We were at “Shogun,” a mixture of Japanese cuisine, acrobatic food preparation and pure family fun. We had come to celebrate an award that my young grandson, Bailey, had won.
We shared the preparation grill with another family, a mom, dad and two boys who appeared to be somewhere between the ages of 7 and 12.
What I observed as we spent 70 minutes in this in this amazing place caused me to wonder, “What in the world is happening to us?”
My dad and me.
He found a way to say the words.
After receiving a Gold Medallion Award for my book, Jumper Fables, I sped to the airport to catch a flight home. Tucked under my arm was a plaque engraved with my name commemorating the honor.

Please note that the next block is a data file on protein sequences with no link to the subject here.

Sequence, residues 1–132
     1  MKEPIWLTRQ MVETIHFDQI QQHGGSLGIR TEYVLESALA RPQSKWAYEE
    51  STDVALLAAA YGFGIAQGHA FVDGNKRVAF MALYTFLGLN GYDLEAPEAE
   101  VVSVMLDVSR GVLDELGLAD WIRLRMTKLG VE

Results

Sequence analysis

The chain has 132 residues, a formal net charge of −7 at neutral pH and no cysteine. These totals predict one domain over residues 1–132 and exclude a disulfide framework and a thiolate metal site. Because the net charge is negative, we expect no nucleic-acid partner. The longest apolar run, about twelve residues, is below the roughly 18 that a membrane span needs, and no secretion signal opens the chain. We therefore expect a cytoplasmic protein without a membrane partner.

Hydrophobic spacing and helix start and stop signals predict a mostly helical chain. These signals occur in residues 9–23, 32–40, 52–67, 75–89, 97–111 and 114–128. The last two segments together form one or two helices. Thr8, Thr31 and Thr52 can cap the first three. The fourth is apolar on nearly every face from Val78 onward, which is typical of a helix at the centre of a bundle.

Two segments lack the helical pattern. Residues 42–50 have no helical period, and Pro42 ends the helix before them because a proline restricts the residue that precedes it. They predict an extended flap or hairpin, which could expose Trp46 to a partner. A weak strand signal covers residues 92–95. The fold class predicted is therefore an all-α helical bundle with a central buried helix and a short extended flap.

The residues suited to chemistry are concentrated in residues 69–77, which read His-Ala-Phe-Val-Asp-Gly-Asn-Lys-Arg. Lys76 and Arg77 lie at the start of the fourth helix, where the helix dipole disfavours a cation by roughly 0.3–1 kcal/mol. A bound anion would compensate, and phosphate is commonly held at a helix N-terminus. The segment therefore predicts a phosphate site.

When the plane leveled off at 35,000 feet, I tipped my seat back to catch up on some sleep and glanced up at the overhead bin where the plaque was stored.
Without warning, I started sobbing.
In my book “How to live with your Kids when you have already Lost your Mind,” I identify three levels of communication that we generally use as we talk to our children. Although all three levels are essential to survival it is important to think about all the levels of communication we can use and how they impact the relationships with those we care about.
Pay attention leaders and grandparents! These are also great principles for us to practice.
Last night I walked into a fine dining establishment and was shocked by what I saw. Couples, families, groups of friends sitting together at tables yet absorbed in different worlds, each staring into the device of their choice, oblivious to the souls around them.
Last week I watched a 13 year old girl walk into a light post while texting.
Last month I attended my 50 year class reunion.
Cotton High School. Class of 1946.
It was a highlight of my year. I came away with some valuable insights I wish I had learned long ago.